However, in other images, color shifts could result that will be to the detriment of the photographer. Undesired color shifts could be introduced that would need to be removed by a color correction step.
Some additional contrast will further improve the image. The contrast adjustments are made in the same manner as with the Info palette approach used in Part II of this series (see Shadow Values, Highlight Values, and Contrast: Info Palette Approach).
Figure 17 shows the final Curves adjustments and Figure 18 shows the final histogram.
Figure 19 shows the Info palette after all of the adjustments have been made. It can be seen that the Curves adjustment slightly changed the values for the highlight values. This could be readjusted with the upper end point on the curve. However, for this image, the changes are slight, so no further adjustments will be made. Clicking the OK button closes Curves.
Figures 20 and 21 show the original image and the image after all the adjustments were finalized.
The previous techniques all used the RGB channel. Thus, all three colors were adjusted at the same time. This works well for most images. However, sometimes it is desirable to adjust each color channel separately. This is most often the case when the color histograms have significantly different shapes. In this situation, the individual color channel technique is an option. Figure 22 shows an unedited image that falls into this category. Now, the first thing that should be noticed is that this image is underexposed (this was due to wind that forced a higher shutter speed than the light level would normally require). Figure 23 shows a histogram of this image. The histogram clearly shows the underexposure. It also shows that the color channels have different shaped histograms that start and stop at different points. Normally, I would not attempt to recover an image that was underexposed this much as the image quality is usually not up to standard. However, I like this image so much, let's see what can be done with the Individual Color Channel approach.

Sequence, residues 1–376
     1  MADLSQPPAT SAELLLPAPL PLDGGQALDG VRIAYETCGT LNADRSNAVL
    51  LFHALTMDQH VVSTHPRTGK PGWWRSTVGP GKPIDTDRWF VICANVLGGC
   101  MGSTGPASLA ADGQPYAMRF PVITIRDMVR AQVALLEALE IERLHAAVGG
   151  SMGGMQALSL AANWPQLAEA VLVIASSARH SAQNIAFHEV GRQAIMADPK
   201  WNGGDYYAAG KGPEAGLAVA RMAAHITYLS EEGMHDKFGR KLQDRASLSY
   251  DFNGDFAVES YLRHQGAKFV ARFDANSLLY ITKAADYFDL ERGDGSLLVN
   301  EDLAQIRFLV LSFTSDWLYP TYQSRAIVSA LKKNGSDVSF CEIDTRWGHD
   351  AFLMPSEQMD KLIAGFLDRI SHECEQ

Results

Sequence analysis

To start the editing, Curves is launched.
Next, the Channel pop-up is accessed (see Figure 26), which reveals the three color channels. For this example, the red channel is selected first. The red channel is now displayed (see Figure 27). All edits performed will affect only the red channel.
The shadow and highlight values can now be set similar to the way they were set in the eyeball technique. The only difference is that the edits only affect one color channel at a time.
To set the red shadow values, the lower left end of the curve is dragged to the right while the histogram and image are checked to see the effect of the edit. For most images, the left end of the histogram should just start to touch the left side of the histogram display area (this is correct for images that have dark shadows; for images without dark shadows, the histogram should not be moved so far to the left).
To set the red highlight values, the upper right end of the curve is dragged to the left while the histogram and image are checked to see the effect of the edit. For most images, the right end of the histogram should just start to touch the right side of the histogram display area (this is correct for images that have highlights; for images without highlights, the right side of the histogram should not be moved so far to the right).
Figure 28 shows the Curves Dialogue Box for the red channel with the adjustments for the shadow and highlight values. The upper end of the curve has been moved in rather drastically. This is required because of the underexposure condition. Properly exposed images will not require so extreme of an edit. Figure 29 shows the histogram for the red channel after the adjustments.